Children need the power to be able to speak out

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Childhood should be a time of innocence, infinite possibilities, of feeling warm, loved and secure.

With Christmas on the way, that childhood innocence has special meaning as it combines with mounting excitement and eager anticipation of the big day.

Sadly, as we know only too well from news reports and criminal trials, many children live unhappy and frightened lives, their innocence stolen by those who would prey on them.

Loving parents worry about predators in our midst, and, even worse, the perils lurking online that threaten to corrupt that cherished childhood innocence.

So the NSPCC’s Speak Out, Stay Safe campaign is to be welcomed for its efforts to educate children about different forms of abuse and how they can protect themselves.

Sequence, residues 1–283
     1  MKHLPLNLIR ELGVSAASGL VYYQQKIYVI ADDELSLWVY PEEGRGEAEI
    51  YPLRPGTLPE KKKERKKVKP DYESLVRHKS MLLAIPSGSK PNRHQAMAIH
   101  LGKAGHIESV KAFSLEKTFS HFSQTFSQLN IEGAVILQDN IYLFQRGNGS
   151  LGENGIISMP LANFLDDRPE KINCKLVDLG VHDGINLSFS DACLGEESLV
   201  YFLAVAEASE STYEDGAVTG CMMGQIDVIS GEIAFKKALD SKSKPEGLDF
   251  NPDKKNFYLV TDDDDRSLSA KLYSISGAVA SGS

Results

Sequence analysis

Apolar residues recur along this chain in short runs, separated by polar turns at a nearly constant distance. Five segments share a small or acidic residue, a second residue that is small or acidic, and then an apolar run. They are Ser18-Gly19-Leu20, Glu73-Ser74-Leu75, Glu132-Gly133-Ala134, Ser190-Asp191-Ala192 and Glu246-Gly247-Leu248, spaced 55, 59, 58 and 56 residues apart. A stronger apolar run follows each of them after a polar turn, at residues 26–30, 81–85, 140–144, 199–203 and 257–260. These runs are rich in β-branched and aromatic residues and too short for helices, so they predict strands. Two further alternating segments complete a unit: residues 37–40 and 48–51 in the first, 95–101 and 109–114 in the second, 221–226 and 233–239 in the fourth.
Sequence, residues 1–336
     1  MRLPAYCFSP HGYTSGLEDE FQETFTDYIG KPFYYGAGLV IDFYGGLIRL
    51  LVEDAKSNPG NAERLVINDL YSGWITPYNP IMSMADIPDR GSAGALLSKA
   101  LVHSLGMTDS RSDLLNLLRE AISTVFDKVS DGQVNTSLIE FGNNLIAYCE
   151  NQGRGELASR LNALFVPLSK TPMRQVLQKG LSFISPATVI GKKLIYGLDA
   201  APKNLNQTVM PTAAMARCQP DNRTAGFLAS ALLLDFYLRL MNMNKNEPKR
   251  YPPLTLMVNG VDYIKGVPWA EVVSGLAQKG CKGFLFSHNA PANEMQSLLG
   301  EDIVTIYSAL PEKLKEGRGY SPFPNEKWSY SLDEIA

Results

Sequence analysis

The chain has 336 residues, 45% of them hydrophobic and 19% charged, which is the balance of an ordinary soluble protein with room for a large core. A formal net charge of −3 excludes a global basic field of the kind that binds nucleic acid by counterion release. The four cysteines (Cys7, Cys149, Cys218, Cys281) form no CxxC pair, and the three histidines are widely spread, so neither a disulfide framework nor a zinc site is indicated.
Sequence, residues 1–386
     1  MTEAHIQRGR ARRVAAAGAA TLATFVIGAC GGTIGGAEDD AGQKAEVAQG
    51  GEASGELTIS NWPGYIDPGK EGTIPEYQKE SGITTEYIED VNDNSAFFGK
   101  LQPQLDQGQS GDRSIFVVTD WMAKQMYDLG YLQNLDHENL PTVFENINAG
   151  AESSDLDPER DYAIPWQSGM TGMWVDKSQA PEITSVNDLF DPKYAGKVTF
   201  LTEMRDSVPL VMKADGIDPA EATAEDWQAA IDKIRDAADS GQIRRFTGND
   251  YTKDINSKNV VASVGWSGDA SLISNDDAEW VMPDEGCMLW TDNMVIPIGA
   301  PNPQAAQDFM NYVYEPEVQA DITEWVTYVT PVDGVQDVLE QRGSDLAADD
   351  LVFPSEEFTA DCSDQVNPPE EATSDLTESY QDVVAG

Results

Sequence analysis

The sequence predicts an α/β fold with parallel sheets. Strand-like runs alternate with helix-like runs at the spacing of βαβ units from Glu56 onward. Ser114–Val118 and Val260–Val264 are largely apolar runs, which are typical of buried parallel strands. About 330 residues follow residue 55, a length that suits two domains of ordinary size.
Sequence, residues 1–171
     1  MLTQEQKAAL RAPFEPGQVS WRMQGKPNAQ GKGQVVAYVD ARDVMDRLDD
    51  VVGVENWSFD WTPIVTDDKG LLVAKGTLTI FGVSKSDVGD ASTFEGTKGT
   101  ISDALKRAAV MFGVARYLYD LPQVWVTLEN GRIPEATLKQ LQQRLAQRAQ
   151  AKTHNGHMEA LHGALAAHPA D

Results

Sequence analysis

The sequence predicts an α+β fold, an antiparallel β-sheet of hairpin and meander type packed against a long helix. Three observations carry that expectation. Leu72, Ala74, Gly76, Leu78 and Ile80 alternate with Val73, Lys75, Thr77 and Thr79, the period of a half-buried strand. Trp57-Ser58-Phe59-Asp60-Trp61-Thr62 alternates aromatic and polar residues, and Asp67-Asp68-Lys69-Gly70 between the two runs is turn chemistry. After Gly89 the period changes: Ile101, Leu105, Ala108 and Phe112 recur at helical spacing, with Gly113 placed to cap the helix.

The NSPCC are experts, so the warnings are given in an age-appropriate way so that children do not become frightened or paranoid about the activities of strangers.

Instead, they are shown the effects of emotional, physical and sexual abuse in a way they can understand and interpret.

More importantly, it empowers them to speak out to somebody they trust if they are being treated in any way that makes them unhappy.

Six-year-old Poppy Bamborough seems to have fully grasped the message when it was delivered to pupils at Westover Primary School in Copnor.

She said: ‘It is very important to tell an adult if you are feeling sad. If you do not tell them, they can’t help you.’

It is a sad, but necessary fact of life that all children must learn that there are bad people out there.

We all want our children to be safe and happy. Learning that lesson can only help.